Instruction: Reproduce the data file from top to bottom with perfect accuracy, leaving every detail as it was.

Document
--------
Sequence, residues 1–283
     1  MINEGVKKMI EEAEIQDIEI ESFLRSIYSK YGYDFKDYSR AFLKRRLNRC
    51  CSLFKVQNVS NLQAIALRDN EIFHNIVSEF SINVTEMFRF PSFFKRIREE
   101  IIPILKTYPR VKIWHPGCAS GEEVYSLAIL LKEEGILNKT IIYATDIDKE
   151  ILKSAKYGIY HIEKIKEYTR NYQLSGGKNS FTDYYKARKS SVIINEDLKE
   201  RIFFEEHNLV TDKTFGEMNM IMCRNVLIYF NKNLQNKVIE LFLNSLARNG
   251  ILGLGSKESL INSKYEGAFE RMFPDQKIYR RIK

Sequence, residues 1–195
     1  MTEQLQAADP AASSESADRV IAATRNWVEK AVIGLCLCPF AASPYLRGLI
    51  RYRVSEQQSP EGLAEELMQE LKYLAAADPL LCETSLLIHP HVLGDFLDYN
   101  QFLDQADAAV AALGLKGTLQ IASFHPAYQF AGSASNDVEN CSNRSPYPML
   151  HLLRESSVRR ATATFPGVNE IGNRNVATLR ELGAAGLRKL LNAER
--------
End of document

Sequence, residues 1–283
     1  MINEGVKKMI EEAEIQDIEI ESFLRSIYSK YGYDFKDYSR AFLKRRLNRC
    51  CSLFKVQNVS NLQAIALRDN EIFHNIVSEF SINVTEMFRF PSFFKRIREE
   101  IIPILKTYPR VKIWHPGCAS GEEVYSLAIL LKEEGILNKT IIYATDIDKE
   151  ILKSAKYGIY HIEKIKEYTR NYQLSGGKNS FTDYYKARKS SVIINEDLKE
   201  RIFFEEHNLV TDKTFGEMNM IMCRNVLIYF NKNLQNKVIE LFLNSLARNG
   251  ILGLGSKESL INSKYEGAFE RMFPDQKIYR RIK

Sequence, residues 1–195
     1  MTEQLQAADP AASSESADRV IAATRNWVEK AVIGLCLCPF AASPYLRGLI
    51  RYRVSEQQSP EGLAEELMQE LKYLAAADPL LCETSLLIHP HVLGDFLDYN
   101  QFLDQADAAV AALGLKGTLQ IASFHPAYQF AGSASNDVEN CSNRSPYPML
   151  HLLRESSVRR ATATFPGVNE IGNRNVATLR ELGAAGLRKL LNAER